For British people there are better careers available without the excessive entry requirements. “So why would one save up a grand to become a truck driver and do hard work for long hours at the pay comparable to a shop assistant in Aldi, if there is plenty of college courses and apprenticeships that help the candidate to become a plumber or an electrician with much higher earning potential?”
  10. Being a driver is no fun any more
    Hard graft for companies that save as much as possible on vehicles; no freedom to decide your own route and your driving style under constant surveillance. And the long-distance jobs are becoming sparse. More repetitive jobs between distribution centres and shops.
  11. Constant surveillance
    I found this bit shocking, to be honest, and will only quote Tomasz heartfelt comment: “Meanwhile, drivers will have a camera pointed at their face at all times. The cameras, which they cannot control, will be installed in the space where they undress, sleep, eat, etc. – as for many drivers their cab is also their home. And everyone expects they will be perfectly OK with it.”
  12. Drivers are one of the most srtictly controlled jobs around
    Tomasz: “Even minor infringements to driver’s working time, if regular (which is not hard to occur, as drivers are pressed to max their driving hours in unpredictable traffic and the availability of safe parking spots for them to take their breaks is very limited) can incur hefty fines and the vehicle might end up impounded which – if we remember this is the driver’s home when on the road and his only mean of transport – means that the driver becomes stranded together with it.”
  13. Health and safety gone crazy
    You’ll have to read this section yourself. His examples beggar belief.
  14. Nobody respects drivers. They are constantly shouted at , humiliated and suspected of being thieves
    Well, this speaks for itself. Check out the driver held in a cage while waiting – and then his employer lost the contract when he posted it online!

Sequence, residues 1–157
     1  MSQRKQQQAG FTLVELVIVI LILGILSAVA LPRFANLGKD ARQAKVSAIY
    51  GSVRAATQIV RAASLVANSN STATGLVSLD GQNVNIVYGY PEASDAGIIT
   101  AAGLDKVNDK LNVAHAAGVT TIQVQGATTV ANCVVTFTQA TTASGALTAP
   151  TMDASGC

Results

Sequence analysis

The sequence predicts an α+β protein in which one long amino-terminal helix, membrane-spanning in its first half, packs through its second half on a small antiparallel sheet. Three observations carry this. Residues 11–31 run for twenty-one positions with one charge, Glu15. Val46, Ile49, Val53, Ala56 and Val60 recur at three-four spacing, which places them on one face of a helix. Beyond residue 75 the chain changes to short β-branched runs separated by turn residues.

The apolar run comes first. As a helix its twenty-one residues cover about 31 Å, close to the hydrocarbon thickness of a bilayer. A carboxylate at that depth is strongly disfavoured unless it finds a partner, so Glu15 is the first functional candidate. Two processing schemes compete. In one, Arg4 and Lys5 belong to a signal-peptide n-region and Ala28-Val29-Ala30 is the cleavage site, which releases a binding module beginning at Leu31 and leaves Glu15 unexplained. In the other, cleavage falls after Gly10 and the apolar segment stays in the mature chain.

15. Lack of facilities for truck drivers
    And you still wonder why EU drivers don’t want to come to Britain? How about this from Tomasz’s article? “The infrastructure for truckers in Europe is much more superior to what is on offer on the British roads. Big, spacious motorway service areas with many facilities, small motorway parking with easily available toilets, cheap roadside restaurants offering good food, truck stops with part shops, supermarkets and laundrettes or even open-air gyms dedicated to truckers make their lives much easier […] meanwhile, a typical British truck stop is some dusty yard full of potholes on the side of some industrial estate with a portaloo and a ‘greasy spoon’ burger van parked next to it…”
  16. Long and strange working hours
    Not a lot of driving for most, but definitely a lot of hours.
  17. A lot of physical work is involved
    As job ads will show, driving is only a small part of the job, with lots of physical work involved in loading and unloading.
  18. Vehicles are not fun to drive
    Poor vehicles make for uncomfortable driving.
  19. The UK not providing driver testing for over a year under the the pretext of Covid
    Drivers are not seen as a key service and truck driving tests have been delayed, adding to the shortages
  20. Fear about the future
    How secure a career option is trucking given the way technology is accelerating? Self-drive trucks anyone?

In addition to Tomasz’ enlightening article, many outlets have run pieces about truckers’ lives.

Meanwhile, several newspapers have run articles with British-born truckers, who all had a lot to say, such as Barry Davies

…And the Welsh First Minister has no doubts about where the blame lies: Brexit.

…Check out a day in the life of a female trucker.